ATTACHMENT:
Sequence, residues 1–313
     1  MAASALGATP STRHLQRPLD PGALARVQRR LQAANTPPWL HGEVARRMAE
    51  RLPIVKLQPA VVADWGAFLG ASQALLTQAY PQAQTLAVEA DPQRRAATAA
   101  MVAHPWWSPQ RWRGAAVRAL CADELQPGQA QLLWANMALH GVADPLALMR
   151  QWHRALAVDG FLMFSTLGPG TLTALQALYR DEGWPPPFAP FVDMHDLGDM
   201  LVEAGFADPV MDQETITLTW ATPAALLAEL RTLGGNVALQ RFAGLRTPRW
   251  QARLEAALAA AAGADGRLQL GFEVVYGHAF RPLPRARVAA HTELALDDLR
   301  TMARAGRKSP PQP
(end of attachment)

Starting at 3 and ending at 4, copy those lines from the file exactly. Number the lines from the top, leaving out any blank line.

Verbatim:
    51  RLPIVKLQPA VVADWGAFLG ASQALLTQAY PQAQTLAVEA DPQRRAATAA
   101  MVAHPWWSPQ RWRGAAVRAL CADELQPGQA QLLWANMALH GVADPLALMR